Out & about: Feel the pulse of Inkabi Zezwe’s mastery!

The duo — born in Bergville, KwaZulu-Natal — performed all melodies from Ukhamba, including solo songs, much to the joy of beat fanatics.

A love kaput eerie is uttered through the lens of a couple whose toxic traits are not adequate to prolong their attenuation love, as woes of love are fleshed out in the attraction acquiring number Sayona — aboard an out of this world concomitant bonny means of cogent, visually brought about by a “more than what runs into the eye” grok illustration.

Just like how the duet went full throttle to make sure that masses get an entire gustatory perception of the double platinum love anthem Umbayimbayi, a forerunner of its record album Ukhamba — a galactic glob of an awe-inspiring sinewy magnitude of Inkabi Zezwe’s workmanship is matter-of-course to pilot the heartbreak hit Sayona, a marvelous tune that altogether somersaults the script!

Adding some flames into their sound, things are just getting lit as Sjava and Big Zulu (Inkabi Zezwe) started out their long-awaited live tour to a “sold-out” auditorium in the fall of last month (June 24), at the Sunbet Arena in Time Square.

On site was the official Inkabi Zezwe capsule collection in partnership with in vogue clothing brand Butan, which the musical titans spotted on stage during their performance.

The duo — born in Bergville, KwaZulu-Natal — performed all melodies from Ukhamba, including solo songs, much to the joy of beat fanatics.

Good solid job, with so many flavors and special artistic talents, an unforgettable bit of the night was when it had to perform the “Sesotho” rendition of “Umbayimbayi” five times after obtaining a standing ovation.

As its voices pulled the bunch in, in true rock star mode, the South African duet was met with intimate garments thrown and twisted on stage by a contiguous female circle.

Enjoying the birth of Inkabi Zezwe, knowing how to work a crowd has helped to ballyhoo Sjava and Big Zulu’s well plotted joint venture.

The aftermath of serving the mammoth chore of spawning up and golf stroking to design cryptic detail is indeed cornucopia.

Relaxing into it, plenty of big applauds and howling praises go on to shower lullabies trilled out on the ditty craft with so much salt in the pocket.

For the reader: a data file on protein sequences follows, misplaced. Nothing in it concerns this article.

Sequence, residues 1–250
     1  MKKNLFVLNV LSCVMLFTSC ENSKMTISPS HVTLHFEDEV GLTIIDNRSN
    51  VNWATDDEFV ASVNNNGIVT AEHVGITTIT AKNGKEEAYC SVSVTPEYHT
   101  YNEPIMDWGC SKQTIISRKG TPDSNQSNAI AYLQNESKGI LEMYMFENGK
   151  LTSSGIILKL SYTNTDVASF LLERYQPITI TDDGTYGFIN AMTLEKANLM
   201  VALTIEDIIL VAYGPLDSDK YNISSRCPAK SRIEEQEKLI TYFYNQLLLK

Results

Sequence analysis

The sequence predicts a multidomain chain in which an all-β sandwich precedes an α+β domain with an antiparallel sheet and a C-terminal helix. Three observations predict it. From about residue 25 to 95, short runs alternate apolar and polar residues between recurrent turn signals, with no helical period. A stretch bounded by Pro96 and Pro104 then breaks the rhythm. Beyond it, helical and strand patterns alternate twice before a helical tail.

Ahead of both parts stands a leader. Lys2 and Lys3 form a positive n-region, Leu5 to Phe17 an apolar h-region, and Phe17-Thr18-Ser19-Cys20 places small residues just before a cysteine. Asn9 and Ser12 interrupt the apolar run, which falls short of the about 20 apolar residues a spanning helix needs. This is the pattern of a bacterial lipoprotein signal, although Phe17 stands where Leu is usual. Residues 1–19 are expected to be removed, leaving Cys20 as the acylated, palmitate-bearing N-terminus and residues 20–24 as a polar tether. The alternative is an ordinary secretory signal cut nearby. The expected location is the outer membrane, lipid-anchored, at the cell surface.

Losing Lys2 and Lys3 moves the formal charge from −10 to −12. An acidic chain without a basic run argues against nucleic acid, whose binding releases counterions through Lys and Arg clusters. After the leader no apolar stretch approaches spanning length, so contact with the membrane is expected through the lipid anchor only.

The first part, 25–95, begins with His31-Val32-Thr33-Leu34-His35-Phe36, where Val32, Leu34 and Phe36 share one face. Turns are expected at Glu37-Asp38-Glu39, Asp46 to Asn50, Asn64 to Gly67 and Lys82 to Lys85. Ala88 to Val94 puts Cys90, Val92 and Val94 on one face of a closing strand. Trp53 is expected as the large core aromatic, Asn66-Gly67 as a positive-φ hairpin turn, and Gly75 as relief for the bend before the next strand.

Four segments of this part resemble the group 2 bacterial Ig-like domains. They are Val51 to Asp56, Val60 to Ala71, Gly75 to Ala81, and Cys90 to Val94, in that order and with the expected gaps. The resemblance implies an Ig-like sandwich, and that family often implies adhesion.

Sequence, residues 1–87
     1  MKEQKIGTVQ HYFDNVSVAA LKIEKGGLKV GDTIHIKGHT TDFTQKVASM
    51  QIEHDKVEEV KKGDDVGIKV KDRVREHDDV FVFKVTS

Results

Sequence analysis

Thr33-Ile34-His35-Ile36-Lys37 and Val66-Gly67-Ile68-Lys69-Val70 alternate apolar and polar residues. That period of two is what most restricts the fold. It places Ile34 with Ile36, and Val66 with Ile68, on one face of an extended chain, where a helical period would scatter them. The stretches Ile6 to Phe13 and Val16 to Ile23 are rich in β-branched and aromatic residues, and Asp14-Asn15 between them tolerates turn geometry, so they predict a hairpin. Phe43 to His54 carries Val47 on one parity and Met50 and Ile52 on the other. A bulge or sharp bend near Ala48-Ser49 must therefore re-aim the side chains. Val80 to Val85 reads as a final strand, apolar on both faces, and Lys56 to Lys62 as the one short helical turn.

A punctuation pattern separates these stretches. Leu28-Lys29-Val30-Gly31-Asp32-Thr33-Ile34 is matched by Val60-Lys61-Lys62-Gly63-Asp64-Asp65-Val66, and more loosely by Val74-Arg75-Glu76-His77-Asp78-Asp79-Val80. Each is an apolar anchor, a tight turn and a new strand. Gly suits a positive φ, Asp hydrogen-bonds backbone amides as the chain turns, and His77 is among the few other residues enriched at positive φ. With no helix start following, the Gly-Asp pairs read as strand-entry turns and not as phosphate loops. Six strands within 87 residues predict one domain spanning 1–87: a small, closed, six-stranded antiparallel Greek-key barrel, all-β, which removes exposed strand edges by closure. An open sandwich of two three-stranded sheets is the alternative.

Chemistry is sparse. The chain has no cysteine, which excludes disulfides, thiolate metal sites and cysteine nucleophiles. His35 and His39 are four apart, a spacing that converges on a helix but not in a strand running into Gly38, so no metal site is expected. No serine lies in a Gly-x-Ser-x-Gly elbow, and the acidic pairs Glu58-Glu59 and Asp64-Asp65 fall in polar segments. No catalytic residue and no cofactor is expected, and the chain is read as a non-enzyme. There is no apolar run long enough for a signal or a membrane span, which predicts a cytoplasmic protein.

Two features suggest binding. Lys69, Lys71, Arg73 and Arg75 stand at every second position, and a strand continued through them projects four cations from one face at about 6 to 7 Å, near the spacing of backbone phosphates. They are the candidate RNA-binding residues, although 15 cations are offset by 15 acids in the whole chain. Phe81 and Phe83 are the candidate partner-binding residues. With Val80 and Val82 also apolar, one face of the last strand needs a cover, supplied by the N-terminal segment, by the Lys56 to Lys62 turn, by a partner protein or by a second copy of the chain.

Towering, besides piling up over 4,8 million streams and hiving away over five million views on video streaming platform YouTube, to date, the audio from Umbayimbayi has been used over 335 000 times across video focused social networking service Tik Tok — while earsplitting and hitting over 15 000 on the reels of American photo and video sharing social networking service Instagram.

Giving the best possible tools from a great place, the graphic to Sayona the follow-up canon off Inkabi Zezwe’s acclaimed epic opus sculpt Ukhamba, was directed by Slowman Films in Johannesburg.

Led by performing artists who portray characters of a domestic helper and garden keeper, respectively, with a lavish mansion as the backdrop — the video conveys to animation the bittersweet nightshade reality of a toxic love jam.

Helping to get to the heart of the matter, Sjava and Big Zulu echo the ongoing plot line of a jaded love affair, by appearing in performance shots at antithetical locations of the house — as well as solo scenes where they are partnered throughout the cinematography.

On the red-hot ballad Sjava opens a tattle: “Sayona, Sayona sasinento entle/Sayona thina, amaphutha ethu sawawona kodwa akusizi ngoba impilo zethu zishile.”

This opening line sets the panorama of a man who is wounded from being asunder from his lady love, and how much he still cares for her despite the credence that they could never be together.

A schmaltzy Big Zulu croons, “Ayi ngikwenze konke, ngikunike konke kodwa awunelanga ngoba wandijikela/Ayi kodwa akusasizi nawe awungisizi komunye umhlaba ngabe impilo zethu zishinshile/Ayi ngifisela injabulo nothando nempilo entle dali wam’”.

He renders the briny subject matter intrepidly as he expresses his ire and dashing hopes for his special female and her actus reus with so much exactitude.

Closing the visual companion piece with the male lead giving off a gut-wrenching cry; Sayona is a banger that strands succor to those who are grief-stricken by the loss of friendships or romantic relationships alike and the espousal thereof.

“We live in times where we always blame our partners for wrongdoings when relationships don’t work out,” Inkabi Zezwe said.

“It is important that the parties involved both take accountability for their role in the mishap and that’s the take-home we want people to receive upon watching this music video.”

  • Grant Moyo is a prolific writer, innovative media personality, entrepreneur and a creative artist who is passionate about using his creative mind for the betterment of society. Follow him on Twitter: @TotemGrant

Related Topics